Tell Me A Story. And Make It Good. – Review Of Teen Titans #1

Call me a pessimist, but after reading Scott Lobdell’s take on Starfire, Red Hood and Roy Harper in Red Hood And The Outlaws, I wasn’t entirely sure that Lobdell could write his own name correctly without the intervention of special education services. I mean, sure he’s been writing comics for over twenty years, but people also buy art made by zoo animals, so the fact that people kept buying his X-Men titles after Chris Claremont left Uncanny X-Men means they call Marvel fans Marvel Zombies for a reason places a, perhaps, suspect light on the buying habits of Joe Q. Public. However, I found myself pleasantly surprised by Teen Titans #1. Still, I’m going to proceed with caution; it’s just the first issue and we haven’t met all the players, yet.

Teen Titans opens at the scene of a fire. A house, nay, a mansion (and one that looks suspiciously like Xavier’s School For Gifted Youngsters at that) is ablaze somewhere in Westchester County:

But, we're not bitter about being replaced by Mark Waid or D.G. Chichester or Grant Morrison or...right, Scott?

Kid Flash shows up to “help”, but just showboats and puts lives in danger. Meanwhile, his actions are being observed by a young Tim Drake, aka “Red Robin”. Drake is…concerned. There’s been a spike in public teenage metahuman activity since his own stint as Robin with Batman. Now, a shadowy organization seems to be targeting these teens – and may have found Drake!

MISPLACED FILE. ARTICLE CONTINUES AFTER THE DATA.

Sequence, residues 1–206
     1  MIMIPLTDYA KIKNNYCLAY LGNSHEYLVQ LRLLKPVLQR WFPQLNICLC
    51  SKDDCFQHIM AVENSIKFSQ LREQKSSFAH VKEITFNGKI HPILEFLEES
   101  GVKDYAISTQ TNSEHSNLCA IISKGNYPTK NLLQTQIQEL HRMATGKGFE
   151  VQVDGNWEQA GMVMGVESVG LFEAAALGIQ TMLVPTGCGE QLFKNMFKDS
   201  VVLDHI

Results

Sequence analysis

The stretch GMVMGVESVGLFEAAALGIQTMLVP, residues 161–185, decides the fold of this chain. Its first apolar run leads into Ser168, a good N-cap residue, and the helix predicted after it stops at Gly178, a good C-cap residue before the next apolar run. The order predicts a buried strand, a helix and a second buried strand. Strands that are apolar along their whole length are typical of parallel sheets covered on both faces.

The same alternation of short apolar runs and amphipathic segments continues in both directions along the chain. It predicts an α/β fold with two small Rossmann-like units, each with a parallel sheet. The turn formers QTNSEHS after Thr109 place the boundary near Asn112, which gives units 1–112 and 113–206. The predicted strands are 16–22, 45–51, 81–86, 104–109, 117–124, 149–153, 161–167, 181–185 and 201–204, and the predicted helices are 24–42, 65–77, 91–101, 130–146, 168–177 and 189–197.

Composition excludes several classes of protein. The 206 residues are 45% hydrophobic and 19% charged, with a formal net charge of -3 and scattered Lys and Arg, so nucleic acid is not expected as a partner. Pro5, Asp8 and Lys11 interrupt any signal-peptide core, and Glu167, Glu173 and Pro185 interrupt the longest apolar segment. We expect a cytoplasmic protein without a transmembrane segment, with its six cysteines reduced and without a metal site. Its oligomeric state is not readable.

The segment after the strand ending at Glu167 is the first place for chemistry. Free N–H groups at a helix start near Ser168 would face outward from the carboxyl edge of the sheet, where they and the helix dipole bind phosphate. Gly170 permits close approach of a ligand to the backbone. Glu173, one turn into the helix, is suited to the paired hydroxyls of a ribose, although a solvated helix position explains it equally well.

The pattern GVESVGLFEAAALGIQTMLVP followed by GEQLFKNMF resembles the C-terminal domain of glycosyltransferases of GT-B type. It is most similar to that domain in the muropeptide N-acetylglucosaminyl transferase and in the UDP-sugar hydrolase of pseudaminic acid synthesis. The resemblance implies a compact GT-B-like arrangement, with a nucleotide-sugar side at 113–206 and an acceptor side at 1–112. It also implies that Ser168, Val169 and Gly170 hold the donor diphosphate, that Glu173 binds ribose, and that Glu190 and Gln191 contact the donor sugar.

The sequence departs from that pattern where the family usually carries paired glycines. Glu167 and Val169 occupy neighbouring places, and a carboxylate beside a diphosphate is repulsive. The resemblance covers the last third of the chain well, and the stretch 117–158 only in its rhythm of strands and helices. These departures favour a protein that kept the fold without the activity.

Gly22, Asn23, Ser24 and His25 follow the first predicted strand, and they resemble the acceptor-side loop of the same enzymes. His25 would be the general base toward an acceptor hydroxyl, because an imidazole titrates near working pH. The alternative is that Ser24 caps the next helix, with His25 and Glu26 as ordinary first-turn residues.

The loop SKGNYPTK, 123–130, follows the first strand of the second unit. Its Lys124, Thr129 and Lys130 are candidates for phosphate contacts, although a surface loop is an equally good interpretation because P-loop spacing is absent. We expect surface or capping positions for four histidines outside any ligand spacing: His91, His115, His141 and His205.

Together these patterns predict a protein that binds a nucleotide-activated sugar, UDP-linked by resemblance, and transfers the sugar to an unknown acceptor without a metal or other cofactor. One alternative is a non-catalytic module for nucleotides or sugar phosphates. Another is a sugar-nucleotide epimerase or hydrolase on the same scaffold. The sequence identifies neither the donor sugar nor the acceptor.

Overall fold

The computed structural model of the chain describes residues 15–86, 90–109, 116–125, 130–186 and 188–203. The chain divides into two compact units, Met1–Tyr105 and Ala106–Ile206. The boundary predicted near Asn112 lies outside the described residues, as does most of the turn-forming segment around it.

He's a real N.O.W.H.E.R.E man, killing in his N.O.W.H.E.R.E land, making all his N.O.W.H.E.R.E plans for, well, evil.

Cassandra Sandsmark, who likes to steal cars and is very insistent that you do not call her Wonder Girl, is also introduced. She has angst.

Yup, your life is doomed. Now, can I have your magic lasso and gauntlets? I will totally not abuse them at all. As far as you know.

I’ll say this, however you feel about Scott Lobdell’s writing, buy this book for Brett Booth’s pencils and Norm Rapmund’s inks. It’s a gorgeous book. Yes, some of the art has a very Image Comics in the 1990s feel (so pretty! And such big muscles! Oh my!), but sometimes you just want to look at pretty pictures of people who are impossibly chiseled and defined while you’re trying not to think about your own…lack of definition. While eating a pint of Ben and Jerry’s Cherry Garcia. But, I digress.

I’m going to keep reading the book for right now. Since, apparently, at some point, Lobdell is going to make Tim Drake an asexual and Superboy a bisexual, I’m not entirely sure how long I’ll keep reading it. Not because I’m bothered by the idea of that. By all means, make Superboy the Tim Bayliss of Teen Titans. He was grown in a vat in a lab. It’s only natural that he’s going to want to stick his dick in everything explore. Turn Drake into some kind of monk, whatever. I just hope that whatever story choices Lobdell makes regarding the characters’ sexualities come off more convincingly than Red Hood. He already is on record denying that outing Northstar is what got him fired from Alpha Flight. Maybe. But, you know what keeps you employed? Telling a good story. Regardless of what it’s about.